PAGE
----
Reading Hartman and Bahadur together, thinking about works like Rajiv Mohabir’s I Even Regret Night: Holi Songs of Demerara—a translation of the only known work written by an indentured laborer in the Anglophone Caribbean—have expanded my understanding of what an archive is, has been, can be, of its impact. 

I’m trying to think about how to locate archives that exist outside of institutions and in the kitchen at the back of my grandma’s house, in the retelling of a memory. What does community archive building look like and how do we make that accessible to everyone in a community? 

I record my relatives gyaffing, I try to conduct oral interviews when I have the time, I reread the letters that chart their migrations from Guyana to here and elsewhere. I try to remember that they have lived full lives. In an interview I did with my grandfather about nine or ten years ago, he recounted a memory I had forgotten until stumbling on it on an old thumbdrive. He had become smitten with another passenger on the ship, a schoolteacher from Berbice who was also returning from England. I asked how they met and he said: “Just happened that she helped me to put on the life jacket and from then on we became great friends. The captain on the ship has the power to marry you. And the day before we arranged to get married. She came up so nicely dressed and then one of my friends looked at her and he said ‘Ms. Singh, words fail me.’ And finally, she said to me, ‘You know we better not go through with this.’”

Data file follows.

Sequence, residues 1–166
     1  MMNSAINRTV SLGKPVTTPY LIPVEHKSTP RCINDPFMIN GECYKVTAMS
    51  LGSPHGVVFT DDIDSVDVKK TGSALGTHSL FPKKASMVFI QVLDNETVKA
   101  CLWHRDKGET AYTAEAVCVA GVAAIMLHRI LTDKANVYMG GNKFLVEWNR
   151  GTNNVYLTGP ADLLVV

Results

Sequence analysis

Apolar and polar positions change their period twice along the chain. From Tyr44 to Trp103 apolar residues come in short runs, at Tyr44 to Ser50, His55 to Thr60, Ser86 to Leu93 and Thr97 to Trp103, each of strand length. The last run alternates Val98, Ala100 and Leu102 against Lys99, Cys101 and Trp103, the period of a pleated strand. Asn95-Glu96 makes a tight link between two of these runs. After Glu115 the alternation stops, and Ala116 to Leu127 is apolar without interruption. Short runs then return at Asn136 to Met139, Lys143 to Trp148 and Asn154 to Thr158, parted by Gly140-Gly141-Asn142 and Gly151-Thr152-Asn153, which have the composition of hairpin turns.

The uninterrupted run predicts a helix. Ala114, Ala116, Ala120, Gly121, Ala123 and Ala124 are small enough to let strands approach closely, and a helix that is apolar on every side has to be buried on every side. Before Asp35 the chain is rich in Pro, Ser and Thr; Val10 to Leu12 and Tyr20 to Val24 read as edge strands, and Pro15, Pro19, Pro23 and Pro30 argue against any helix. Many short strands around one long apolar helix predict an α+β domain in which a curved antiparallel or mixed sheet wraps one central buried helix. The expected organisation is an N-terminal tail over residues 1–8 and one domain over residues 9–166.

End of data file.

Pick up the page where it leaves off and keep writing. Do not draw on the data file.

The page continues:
The rest of the interview was about his love for country-western music, Jim Reeves, cinema and how he learned to make pepperpot. I learned so much about Guyana, a country that really only existed at that point in my life a memory I couldn’t keep up with, through conversations with my grandparents and family members. I was 25 when visited Guyana for the second time (the first time I visited I was just learning to walk), so I tried to find all of the ways that sense of Back Home was recreated at home and in my neighborhood. Archiving gave me a sense of comfort, but also loss.